Ida is a novel about youth, acceptance and the mysterious power of inter-dimensional travel.
Cover image: Ida by Alison Evans via Echo Publishing.
This intimate journey – with the young Ida fresh out of high school – takes you into a world with layers of emotion, endearing you to the relationship with her genderqueer partner Daisy and to the relational constellations of family. Ida is a cool novel written for young adult readers (YA).
Ida’s character grapples with the mental emotional challenges of a young person seeking answers, and as an actual time traveller with multidimensional realities, it’s easy to see why. It seems Ida is new at time travel and at times revels in the capability, however as the novel develops, Ida is on the brink of being trapped or collapsing the universe with her dimensional shifting and the appearance of doppelgangers that start to complicate her world.
Evans’ (Co-editor of Concrete Queers) first novel engages the imagination and takes you deep into the world of Ida. The very real structural and descriptive language engages the reader from the start. I first thought there was a typo in the book, only to realise that the main character’s partner Daisy, is genderqueer. Thus, making the relevant pronoun a Them. It was actually really refreshing to have characters in the book with an inherent diversity of gender identity without inadvertently making a novelty of those dimensions of character profile in the localised modern world landscape.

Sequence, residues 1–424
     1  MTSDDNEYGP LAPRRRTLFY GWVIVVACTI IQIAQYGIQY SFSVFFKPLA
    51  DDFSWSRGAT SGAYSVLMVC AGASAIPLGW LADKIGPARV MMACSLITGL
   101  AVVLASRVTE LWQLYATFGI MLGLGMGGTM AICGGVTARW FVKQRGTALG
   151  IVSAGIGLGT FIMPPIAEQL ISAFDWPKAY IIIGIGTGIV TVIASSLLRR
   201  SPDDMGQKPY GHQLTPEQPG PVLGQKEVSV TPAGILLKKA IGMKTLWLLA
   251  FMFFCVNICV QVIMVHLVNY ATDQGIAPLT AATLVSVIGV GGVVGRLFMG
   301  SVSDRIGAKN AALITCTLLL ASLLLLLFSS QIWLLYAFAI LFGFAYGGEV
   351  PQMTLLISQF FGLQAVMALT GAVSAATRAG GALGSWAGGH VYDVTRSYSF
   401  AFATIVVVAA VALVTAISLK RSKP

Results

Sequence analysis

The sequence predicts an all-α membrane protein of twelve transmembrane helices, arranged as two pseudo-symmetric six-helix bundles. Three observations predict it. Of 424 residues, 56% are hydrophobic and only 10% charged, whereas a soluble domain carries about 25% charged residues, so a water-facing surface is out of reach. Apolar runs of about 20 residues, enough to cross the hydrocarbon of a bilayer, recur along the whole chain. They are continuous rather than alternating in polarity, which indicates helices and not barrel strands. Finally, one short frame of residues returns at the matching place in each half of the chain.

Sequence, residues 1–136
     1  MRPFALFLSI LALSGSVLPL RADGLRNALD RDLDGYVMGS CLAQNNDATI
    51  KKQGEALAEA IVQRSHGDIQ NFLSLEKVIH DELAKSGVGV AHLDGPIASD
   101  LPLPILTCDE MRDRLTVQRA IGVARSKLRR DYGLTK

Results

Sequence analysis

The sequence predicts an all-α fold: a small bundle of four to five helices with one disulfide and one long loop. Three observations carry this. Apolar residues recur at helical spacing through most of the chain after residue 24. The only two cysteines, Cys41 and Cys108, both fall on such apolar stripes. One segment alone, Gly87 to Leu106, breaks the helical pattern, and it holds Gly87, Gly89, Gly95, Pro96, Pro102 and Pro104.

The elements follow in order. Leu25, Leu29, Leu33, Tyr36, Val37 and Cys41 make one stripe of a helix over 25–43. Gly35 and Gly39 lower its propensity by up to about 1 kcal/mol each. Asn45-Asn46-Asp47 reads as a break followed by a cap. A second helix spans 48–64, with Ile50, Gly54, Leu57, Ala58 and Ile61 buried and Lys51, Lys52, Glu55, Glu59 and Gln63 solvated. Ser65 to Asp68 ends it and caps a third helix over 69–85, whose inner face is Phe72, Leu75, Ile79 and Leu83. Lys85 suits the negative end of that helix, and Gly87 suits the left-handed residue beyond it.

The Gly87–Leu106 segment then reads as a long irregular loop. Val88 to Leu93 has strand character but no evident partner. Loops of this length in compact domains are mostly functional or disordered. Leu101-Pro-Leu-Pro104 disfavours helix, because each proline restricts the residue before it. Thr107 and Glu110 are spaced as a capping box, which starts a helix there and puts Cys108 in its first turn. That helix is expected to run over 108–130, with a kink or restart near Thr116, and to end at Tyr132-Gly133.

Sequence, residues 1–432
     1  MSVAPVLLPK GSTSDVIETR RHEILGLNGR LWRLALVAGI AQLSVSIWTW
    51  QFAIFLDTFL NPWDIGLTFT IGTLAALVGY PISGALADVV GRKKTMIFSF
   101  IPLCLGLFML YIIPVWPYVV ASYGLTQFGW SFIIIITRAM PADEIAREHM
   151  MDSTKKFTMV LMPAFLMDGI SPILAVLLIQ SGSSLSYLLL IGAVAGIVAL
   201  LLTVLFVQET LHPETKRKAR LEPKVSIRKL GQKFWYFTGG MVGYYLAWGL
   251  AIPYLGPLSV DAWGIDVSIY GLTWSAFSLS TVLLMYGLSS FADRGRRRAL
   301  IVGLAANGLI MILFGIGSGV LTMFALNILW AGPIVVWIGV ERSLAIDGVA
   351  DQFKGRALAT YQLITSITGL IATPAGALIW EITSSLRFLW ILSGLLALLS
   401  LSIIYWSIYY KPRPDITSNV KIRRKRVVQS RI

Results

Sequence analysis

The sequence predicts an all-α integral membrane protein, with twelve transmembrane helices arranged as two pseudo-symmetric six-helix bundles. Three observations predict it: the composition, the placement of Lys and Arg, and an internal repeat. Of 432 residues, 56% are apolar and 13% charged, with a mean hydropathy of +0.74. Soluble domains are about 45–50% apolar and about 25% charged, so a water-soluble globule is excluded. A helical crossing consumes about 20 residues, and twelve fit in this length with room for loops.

As Ida struggles with her realities to reconstruct an ideal outcome, her plight in seeking answers and ultimate connection with those she holds most dear, is raw and emphatically empathic to youth issues.
It takes time to deduce the shifting realities and why they are occurring which kept me hungry to read on. The shadowy plot thickens as an intriguing stranger tries to intercept Ida. Leading the reader to believe there’s more to the story than meets the eye.
I really enjoyed the setting of the National Gallery of Victoria (NGV) in the novel, a taste of the cultural city of Melbourne. The sensitive dialogue and thoughts between the main character and Daisy, Ida’s partner, is an anchor for Ida as she searched for a solution to her dilemma. It serves as a kind of sanctuary for the characters.
This intelligent work opens itself honestly through an imaginative storyline meshed with fantasy that would appeal to most fans of YA. The crescendo which unveils truths, hopes and some absorbing answers towards the end still lends itself to further adventures. I could easily read a sequel to Ida and recommend the author to do so.
Rating: 4 stars
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What the stars mean?
- Five stars: Exceptional, unforgettable, a must see
- Four and a half stars: Excellent, definitely worth seeing
- Four stars: Accomplished and engrossing but not the best of its kind
- Three and a half stars: Good, clever, well made, but not brilliant
- Three stars: Solid, enjoyable, but unremarkable or flawed
- Two and half stars: Neither good nor bad, just adequate
- Two stars: Not without its moments, but ultimately unsuccessful
- One star: Awful, to be avoided
- Zero stars: Genuinely dreadful, bad on every level